In early November, a man witnessed a horrific scene in rural northern Mexico: a scorched, bullet-ridden vehicle that had been carrying his family members. Down the road were two other vehicles, similarly damaged. Over the next few days, the scene came to be known as the site of a brutal massacre, where nine women and children — dual U.S.–Mexican citizens who lived in two nearby Mormon hamlets, Colonia LeBaron La Mora — were slaughtered.
But right now, the New York Times reports, officials have more questions than they do answers. Who murdered these women and children, and why? While some officials are speculating that members of a drug cartel mistook the vehicles as belonging to a rival gang, others — including relatives of the victims — say that the traditionalist family was targeted due to the community’s history of speaking out against drug-related violence. Here’s what we know so far.
Three women and six children were murdered in Mexico.
On November 4, gunmen opened fire on three cars traveling in broad daylight along a rural road from the Mexican state of Sonora toward Arizona, the Los Angeles Times reports. Inside the cars were three mothers and their children. Some were shot at close range; others, including 6-month-old twins, burned to death after the vehicles caught fire. (It’s unclear how the cars caught fire, or if they were set on fire.) The three mothers and six of their children were killed, though several children survived. One survivor, who is approximately 12, hiked several miles to his family members in La Mora to inform them of what had happened.
“When you know there are babies tied in a car seat that are burning because of some twisted evil that’s in this world, it’s just hard to cope with that,” Kenny LeBarón, a relative, told the New York Times.
A video of the crime scene, posted to Facebook by another man related to the victims, shows a small fire burning inside a charred vehicle.
In response to the massacre, the Los Angeles Times reports that many of the victims’ family members are leaving Mexico for Arizona with no plans to ever return.
The victims were part of Mormon community that has a history of speaking out against cartel violence.
Per the Guardian, the victims came from two fundamentalist Mormon hamlets in northern Mexico, located near the Arizona border: La Mora and Colonia LeBaron. (While members of the community call themselves Mormon, they are not affiliated with The Church of Jesus Christ of Latter-day Saints. Per Reuters, the community was formed last century by Mormons who were “outcast” over their polygamist beliefs.)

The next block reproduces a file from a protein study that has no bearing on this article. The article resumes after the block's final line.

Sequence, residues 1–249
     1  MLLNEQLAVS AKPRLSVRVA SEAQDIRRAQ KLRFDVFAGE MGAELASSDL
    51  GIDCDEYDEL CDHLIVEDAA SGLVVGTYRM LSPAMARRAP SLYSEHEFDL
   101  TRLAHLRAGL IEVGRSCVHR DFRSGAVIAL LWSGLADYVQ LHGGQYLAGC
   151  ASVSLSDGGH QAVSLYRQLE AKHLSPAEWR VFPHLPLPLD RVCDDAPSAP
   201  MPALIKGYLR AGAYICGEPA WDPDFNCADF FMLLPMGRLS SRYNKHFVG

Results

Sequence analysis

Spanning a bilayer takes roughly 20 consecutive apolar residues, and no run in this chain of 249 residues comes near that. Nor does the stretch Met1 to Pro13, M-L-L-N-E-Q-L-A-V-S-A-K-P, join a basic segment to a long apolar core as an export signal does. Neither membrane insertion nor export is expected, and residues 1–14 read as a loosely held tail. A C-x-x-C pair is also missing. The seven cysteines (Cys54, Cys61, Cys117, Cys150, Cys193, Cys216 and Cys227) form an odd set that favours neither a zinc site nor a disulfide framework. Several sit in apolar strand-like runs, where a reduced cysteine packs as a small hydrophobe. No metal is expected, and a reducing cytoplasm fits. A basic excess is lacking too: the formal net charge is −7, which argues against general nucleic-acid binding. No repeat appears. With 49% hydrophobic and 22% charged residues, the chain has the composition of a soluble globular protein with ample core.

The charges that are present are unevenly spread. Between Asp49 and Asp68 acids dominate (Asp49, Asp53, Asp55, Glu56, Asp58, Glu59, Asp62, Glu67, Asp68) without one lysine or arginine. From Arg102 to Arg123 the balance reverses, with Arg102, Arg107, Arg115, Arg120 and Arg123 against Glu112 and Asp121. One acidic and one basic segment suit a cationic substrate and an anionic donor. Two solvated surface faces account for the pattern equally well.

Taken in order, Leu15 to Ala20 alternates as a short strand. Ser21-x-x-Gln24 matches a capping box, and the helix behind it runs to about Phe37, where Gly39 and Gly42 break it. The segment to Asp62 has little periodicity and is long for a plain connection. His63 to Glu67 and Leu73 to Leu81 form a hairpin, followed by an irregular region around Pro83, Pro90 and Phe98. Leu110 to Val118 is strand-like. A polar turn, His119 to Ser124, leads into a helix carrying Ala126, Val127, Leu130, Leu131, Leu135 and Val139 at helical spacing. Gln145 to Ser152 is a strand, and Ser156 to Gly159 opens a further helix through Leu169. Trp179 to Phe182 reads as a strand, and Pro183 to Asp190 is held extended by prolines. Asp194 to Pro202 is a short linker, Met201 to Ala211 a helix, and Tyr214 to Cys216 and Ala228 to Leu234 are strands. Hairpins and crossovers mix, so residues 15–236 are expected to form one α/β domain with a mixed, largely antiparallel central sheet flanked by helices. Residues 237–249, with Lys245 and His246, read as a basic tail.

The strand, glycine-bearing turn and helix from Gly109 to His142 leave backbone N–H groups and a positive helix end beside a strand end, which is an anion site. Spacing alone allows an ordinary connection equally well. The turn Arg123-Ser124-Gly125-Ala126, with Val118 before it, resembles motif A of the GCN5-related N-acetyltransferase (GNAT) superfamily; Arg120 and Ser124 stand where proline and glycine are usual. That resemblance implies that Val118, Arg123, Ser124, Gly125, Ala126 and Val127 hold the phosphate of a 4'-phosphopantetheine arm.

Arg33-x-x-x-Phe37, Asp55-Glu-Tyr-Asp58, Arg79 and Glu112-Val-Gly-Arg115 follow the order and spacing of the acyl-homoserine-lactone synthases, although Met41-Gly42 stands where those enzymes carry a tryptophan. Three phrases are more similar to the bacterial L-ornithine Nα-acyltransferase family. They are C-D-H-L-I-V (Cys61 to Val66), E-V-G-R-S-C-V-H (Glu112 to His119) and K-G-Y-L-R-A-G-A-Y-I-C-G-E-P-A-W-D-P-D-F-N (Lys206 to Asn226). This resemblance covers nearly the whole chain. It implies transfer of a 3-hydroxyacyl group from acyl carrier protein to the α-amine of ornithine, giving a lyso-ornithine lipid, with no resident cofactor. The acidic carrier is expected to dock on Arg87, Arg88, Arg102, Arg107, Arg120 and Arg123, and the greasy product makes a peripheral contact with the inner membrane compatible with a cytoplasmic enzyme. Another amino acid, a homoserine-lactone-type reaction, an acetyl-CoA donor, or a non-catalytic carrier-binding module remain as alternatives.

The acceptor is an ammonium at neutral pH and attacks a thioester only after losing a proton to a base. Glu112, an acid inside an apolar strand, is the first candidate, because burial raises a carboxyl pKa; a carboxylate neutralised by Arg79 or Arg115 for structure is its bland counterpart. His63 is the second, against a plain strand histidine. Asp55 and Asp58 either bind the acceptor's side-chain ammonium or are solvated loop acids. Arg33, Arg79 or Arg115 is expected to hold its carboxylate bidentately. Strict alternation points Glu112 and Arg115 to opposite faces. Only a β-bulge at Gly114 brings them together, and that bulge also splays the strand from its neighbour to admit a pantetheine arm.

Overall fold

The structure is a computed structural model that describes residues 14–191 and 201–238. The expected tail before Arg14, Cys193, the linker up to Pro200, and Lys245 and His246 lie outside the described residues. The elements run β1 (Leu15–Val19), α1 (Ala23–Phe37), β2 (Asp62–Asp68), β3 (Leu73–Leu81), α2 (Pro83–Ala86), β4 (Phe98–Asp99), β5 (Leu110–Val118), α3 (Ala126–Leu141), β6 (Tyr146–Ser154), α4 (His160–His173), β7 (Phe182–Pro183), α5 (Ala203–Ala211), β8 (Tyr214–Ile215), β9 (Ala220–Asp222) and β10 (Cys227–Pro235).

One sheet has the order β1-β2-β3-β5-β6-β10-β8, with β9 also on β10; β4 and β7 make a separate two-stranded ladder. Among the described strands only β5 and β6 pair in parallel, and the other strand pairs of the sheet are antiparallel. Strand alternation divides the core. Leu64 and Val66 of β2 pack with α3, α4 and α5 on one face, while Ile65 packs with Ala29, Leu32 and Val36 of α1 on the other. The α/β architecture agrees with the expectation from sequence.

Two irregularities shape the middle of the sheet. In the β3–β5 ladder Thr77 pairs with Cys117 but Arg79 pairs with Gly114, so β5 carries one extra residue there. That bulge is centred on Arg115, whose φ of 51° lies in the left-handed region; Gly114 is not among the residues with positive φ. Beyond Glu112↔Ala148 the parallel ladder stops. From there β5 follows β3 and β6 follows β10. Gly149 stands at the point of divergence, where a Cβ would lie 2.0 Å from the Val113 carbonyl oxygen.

In 2009, the community made headlines after a local drug cartel kidnapped a 16-year-old member of the LeBaron family and held him for a $1 million ransom, which the community refused to pay. In response to the kidnapping, the fundamentalist group pressured the government to intervene, and the cartel eventually returned the boy. After the fact, the LeBarons, concerned for their safety, armed themselves, which is a violation of Mexican law. Ever since, the family has spoken out about the need for looser gun laws.
The motive for the killings has not yet been determined.
A motive for the murders has not yet been determined, and there are two competing theories. While Mexican president Andrés Manuel López Obrador has stressed that officials are still collecting information, members of his administration have speculated that the family was killed after one drug cartel mistook it for a rival gang. According to the Los Angeles Times, the scene of the murder is located in a region disputed by two criminal gangs: the Sinaloa cartel and La Linea, which is associated with the Juarez cartel.
But relatives of the victims believe the gunmen knew exactly who they were killing. The Mormon community has a history of speaking out against drug-related violence in Mexico, so they aren’t buying officials’ line.
“This was no crossfire,” Alex LeBaron, a relative of the victims and member of the Chihuahua state legislature, said on Mexico’s W Radio. “It couldn’t have been a mistake. This is terrorism, plain and simple.” In an interview with CNN, Kendra Lee Miller, another family member, echoed this belief, claiming that cartels had recently threatened her family over where it was permitted to travel in the region.
Jorge Castañeda, the former foreign minister of Mexico has also given credence to this theory. “They had stood up to the drug cartels and they did have certain frictions either with the cartels or with neighboring communities over water rights,” he said, per CNN.
An unspecified number of arrests have been made in connection with the massacre.
On early November 6, Mexican officials announced that an unidentified suspect has been arrested in connection with the massacre. According to CNN, the suspect was found in a town bordering Arizona. He was found with two bound and gagged victims he had taken hostage, as well as multiple assault rifles and vehicles.
In the days since, Mexico has arrested others, though the exact number has not been released. “There have been arrests, but it’s not up to us to give information,” Security Minister Alfonso Durazo said on November 11.
The FBI has joined the investigation
Upon the request of Mexico’s foreign ministry, the FBI announced in a statement on November 10 that they would be aiding in the investigation, CNN reports.
“The FBI will be providing assistance at the invitation of the Mexican government with the investigation into the recent attack against American citizens,” reads the statement. “The FBI remains committed to working alongside our international partners to help bring justice to the perpetrators of this heinous act of violence.”
This post has been updated.